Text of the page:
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PSI from Water Tank...

Discussion in 'Exploring everything under the sun!!' started by Maniak, October 9, 2002.

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    1. Maniak

      Maniak Moderator-Stock 91-94 Staff Member Moderator Elite Explorer

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      I need to know if anyone out there knows how to fure out how much water pressure you can get from a water tank full of water.

      I'm trying to come up with a way to know how much water we have in our water tank without using floats or sight lines (sight lines cause algee)..

      What I figured was to put a pressure guage on the output of the water tank....

      From all the formula's I have seen for every 1 foot of water you have in the tank you have .433 pounds of pressure....

      If this is the case and we have a 16 feet wide by 10 feed high water tank (cylinder) that we would have about 7PSI on the gauge when the tank is full, and about 3.4psi when the tank is 1/2 full etc...

      Can someone verify that my logic and information is correct or tell me the correct way to figure out how much water pressure we will have (and how to figure it out myself).. I need to do this to another water tank once we get it installed (both of these are for our wells).

      Thanks...

      ~Mark
       
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    3. Bshmastr

      Bshmastr Active Member

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      This is correct, no matter how wide or long the tank is. The pressure is only dependent on the height of the water in the tank above your pressure gauge. You would need to be sure to measure the pressure while no water is flowing out the output, cause it's a static pressure calculation.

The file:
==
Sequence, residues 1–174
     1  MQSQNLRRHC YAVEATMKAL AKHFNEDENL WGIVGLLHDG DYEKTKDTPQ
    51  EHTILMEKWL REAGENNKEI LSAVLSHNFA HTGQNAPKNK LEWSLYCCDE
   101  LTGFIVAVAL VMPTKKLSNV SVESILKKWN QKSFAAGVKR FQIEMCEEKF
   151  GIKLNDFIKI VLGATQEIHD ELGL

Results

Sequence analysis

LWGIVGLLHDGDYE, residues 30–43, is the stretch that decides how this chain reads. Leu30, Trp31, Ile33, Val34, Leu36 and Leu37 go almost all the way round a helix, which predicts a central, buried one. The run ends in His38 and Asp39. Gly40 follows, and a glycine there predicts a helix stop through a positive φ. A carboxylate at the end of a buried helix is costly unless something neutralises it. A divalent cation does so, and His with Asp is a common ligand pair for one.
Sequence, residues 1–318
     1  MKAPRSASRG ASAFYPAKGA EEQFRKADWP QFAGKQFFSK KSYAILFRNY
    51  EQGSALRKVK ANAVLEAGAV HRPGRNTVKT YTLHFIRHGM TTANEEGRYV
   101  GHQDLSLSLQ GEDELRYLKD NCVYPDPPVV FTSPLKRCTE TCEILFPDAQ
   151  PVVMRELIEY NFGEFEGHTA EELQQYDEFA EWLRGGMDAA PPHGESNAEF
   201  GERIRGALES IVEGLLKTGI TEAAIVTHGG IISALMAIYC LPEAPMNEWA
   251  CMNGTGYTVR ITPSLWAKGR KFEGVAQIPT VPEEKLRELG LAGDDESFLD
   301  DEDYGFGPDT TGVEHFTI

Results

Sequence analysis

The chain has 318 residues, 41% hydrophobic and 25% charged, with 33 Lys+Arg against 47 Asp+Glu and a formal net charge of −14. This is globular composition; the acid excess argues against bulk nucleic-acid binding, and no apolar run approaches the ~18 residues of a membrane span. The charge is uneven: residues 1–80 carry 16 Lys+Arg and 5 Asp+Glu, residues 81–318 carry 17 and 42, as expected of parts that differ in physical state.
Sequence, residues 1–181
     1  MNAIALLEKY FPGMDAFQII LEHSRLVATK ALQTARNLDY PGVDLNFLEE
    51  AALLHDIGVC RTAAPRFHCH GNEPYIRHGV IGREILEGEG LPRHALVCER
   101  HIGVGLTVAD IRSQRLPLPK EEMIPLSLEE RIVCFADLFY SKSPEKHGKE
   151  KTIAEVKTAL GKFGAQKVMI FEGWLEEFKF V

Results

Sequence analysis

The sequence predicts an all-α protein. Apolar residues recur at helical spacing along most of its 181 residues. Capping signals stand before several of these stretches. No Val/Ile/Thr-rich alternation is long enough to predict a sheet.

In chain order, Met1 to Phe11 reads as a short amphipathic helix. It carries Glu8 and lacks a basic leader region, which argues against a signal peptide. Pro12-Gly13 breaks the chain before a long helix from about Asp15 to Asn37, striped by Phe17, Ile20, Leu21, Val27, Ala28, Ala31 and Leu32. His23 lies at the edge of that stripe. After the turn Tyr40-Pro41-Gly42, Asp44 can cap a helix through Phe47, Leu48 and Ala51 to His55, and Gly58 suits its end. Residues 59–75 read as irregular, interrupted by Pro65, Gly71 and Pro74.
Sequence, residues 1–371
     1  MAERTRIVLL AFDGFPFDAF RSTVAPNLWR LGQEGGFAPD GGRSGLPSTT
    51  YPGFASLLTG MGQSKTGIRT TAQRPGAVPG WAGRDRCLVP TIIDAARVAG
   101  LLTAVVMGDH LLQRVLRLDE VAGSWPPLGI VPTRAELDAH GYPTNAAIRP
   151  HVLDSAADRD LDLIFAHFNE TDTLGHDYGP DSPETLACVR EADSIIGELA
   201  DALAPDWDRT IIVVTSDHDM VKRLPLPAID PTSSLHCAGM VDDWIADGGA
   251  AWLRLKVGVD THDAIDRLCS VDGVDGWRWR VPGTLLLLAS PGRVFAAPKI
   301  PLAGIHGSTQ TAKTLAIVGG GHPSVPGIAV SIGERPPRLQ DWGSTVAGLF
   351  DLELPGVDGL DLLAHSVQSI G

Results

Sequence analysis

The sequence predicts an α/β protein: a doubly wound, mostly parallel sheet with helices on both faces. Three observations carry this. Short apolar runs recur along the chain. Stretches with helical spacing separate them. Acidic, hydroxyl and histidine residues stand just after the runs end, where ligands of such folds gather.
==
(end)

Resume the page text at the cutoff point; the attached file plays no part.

4. zekex2

      zekex2 Active Member

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      bshmastr is right that is good for static. calc ing the flow is harder and more involved so stick with that. What are u using the water for. drinking or irrigation? are you trying to gravity flow it or pumping it?

      I have 9 years of Water treatment exp. at a couple of different plants. currently I am a swimming pool contractor.
       
    5. Maniak

      Maniak Moderator-Stock 91-94 Staff Member Moderator Elite Explorer

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      I'm trying to figure this out for our potable water tanks. When the wells aren't dry water goes into that tank, into pressure tanks which is them pumped to us and the neighbors (I think there are 14 properties with houses)...

      The problem now is that the wells are dry so we are trucking our own water in using [​IMG]

      Currently we climb a ladder and look down the tank to see how much water is left to know if we need to get water...